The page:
A prospective comparison of class IA, B, and C antiarrhythmic agents in combination with amiodarone in patients with inducible, sustained ventricular tachycardia.
BACKGROUND Clinical experience suggests that combinations of antiarrhythmic agents provide more effective control of ventricular tachyarrhythmias than does therapy with single agents.
METHODS AND RESULTS Antiarrhythmic and electrophysiological effects of three class I antiarrhythmic agents, one from each subclass A, B, and C, were assessed in single use and in combination with amiodarone in patients with inducible, sustained ventricular tachycardia that was not suppressed by monotherapy with these agents. Thirty-one patients underwent an electrophysiology test on four occasions: at baseline; after 2-4 days of treatment with quinidine, mexiletine, or encainide; after 2 weeks of treatment with 1,200 mg/day amiodarone; and last, after 2-4 days of treatment with both amiodarone and the previously tested class I agent. The combination of a class I agent and amiodarone prevented the induction of sustained ventricular tachycardia in only one of 31 (3%) patients. Ventricular tachycardia became hemodynamically stable in 11 of 31 (34%) patients because of a marked prolongation in the tachycardia cycle length. It increased from 323 +/- 39 to 423 +/- 84 msec (n = 11, p less than 0.01) by adding encainide to amiodarone therapy, and it showed a tendency to lengthen when quinidine was added to amiodarone (from 373 +/- 77 to 425 +/- 58 msec; n = 10, NS). Each class I agent increased amiodarone-induced depression in myocardial conduction, but the extent of the additional depression seemed to differ among the three subclasses. Ventricular refractoriness was increased by all class I agents when used in combination with amiodarone, although not by mexiletine or encainide when used alone.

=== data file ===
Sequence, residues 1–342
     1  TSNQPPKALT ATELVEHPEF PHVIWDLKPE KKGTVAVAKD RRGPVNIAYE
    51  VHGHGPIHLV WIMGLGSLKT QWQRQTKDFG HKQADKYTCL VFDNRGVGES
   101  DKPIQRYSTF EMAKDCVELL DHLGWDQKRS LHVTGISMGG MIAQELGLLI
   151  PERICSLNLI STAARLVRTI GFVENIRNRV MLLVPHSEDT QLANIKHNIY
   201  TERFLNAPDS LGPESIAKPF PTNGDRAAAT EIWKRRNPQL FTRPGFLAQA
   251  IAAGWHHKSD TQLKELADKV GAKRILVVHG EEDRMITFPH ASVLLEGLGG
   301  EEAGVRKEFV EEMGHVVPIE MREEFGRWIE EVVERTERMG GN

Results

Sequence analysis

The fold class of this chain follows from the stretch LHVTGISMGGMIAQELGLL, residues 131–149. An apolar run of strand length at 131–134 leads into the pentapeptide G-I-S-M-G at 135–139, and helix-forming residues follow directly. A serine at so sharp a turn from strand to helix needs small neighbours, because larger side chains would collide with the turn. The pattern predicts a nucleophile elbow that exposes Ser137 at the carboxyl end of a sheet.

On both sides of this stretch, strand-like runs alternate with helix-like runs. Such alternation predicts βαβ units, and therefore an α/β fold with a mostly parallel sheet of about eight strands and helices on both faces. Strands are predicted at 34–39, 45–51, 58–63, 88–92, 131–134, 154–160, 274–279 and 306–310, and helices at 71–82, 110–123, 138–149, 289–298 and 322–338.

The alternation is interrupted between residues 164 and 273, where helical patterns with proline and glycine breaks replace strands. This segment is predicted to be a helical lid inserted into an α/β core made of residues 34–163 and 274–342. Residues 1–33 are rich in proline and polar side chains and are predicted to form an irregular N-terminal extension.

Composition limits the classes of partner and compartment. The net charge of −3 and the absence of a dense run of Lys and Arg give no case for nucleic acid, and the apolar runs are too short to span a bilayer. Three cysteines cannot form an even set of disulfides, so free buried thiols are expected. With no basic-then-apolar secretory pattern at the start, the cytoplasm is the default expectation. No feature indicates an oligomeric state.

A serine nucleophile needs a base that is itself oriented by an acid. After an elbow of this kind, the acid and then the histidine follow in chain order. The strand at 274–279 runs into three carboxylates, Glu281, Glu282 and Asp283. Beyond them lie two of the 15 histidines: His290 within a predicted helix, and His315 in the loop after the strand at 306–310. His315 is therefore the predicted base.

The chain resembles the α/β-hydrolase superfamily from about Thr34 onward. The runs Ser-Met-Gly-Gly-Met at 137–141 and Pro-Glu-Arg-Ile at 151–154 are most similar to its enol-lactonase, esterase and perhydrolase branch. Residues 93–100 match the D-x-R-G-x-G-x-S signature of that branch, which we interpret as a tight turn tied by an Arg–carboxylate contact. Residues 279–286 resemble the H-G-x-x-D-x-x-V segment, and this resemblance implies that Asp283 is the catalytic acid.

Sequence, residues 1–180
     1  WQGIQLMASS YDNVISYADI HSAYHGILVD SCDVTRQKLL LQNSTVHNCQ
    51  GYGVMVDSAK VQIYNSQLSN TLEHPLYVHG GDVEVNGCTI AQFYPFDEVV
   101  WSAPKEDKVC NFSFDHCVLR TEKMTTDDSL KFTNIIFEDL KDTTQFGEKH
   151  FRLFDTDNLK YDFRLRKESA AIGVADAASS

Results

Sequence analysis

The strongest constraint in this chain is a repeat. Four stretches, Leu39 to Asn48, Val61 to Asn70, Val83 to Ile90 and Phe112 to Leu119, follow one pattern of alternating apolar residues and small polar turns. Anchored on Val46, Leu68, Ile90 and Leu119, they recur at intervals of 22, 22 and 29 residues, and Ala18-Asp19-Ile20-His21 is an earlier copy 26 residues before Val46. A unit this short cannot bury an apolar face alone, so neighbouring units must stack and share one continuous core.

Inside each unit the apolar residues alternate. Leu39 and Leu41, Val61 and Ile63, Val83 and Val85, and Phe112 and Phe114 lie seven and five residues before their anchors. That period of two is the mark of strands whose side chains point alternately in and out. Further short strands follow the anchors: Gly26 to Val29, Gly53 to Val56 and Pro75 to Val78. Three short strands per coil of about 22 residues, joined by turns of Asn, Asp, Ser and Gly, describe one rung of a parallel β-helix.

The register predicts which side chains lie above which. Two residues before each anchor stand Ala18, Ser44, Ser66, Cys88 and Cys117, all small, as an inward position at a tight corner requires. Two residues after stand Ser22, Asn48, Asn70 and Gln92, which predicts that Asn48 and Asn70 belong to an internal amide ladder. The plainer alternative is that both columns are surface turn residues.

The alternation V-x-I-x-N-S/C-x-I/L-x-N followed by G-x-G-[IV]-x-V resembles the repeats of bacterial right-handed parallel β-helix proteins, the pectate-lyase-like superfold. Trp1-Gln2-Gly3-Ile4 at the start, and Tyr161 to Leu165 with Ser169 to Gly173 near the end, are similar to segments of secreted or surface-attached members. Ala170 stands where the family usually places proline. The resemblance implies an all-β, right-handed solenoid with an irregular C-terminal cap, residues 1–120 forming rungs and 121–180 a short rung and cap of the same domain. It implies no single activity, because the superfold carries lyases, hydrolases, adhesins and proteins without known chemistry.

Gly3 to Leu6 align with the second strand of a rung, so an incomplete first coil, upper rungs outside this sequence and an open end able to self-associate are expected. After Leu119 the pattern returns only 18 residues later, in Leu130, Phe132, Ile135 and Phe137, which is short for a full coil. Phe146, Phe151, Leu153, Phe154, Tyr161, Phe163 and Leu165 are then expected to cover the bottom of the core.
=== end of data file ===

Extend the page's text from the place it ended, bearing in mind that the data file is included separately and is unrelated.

CONCLUSIONS Class I antiarrhythmic agents slow ventricular conduction and increase ventricular refractoriness when used in combination with amiodarone. When amiodarone and class I drugs by themselves do not suppress the induction of ventricular tachycardia, the combination of amiodarone and a class I agent seldom results in noninducibility; however, it often lengthens the ventricular tachycardia cycle length and may render the ventricular tachycardia hemodynamically stable.
- Copyright © 1991 by American Heart Association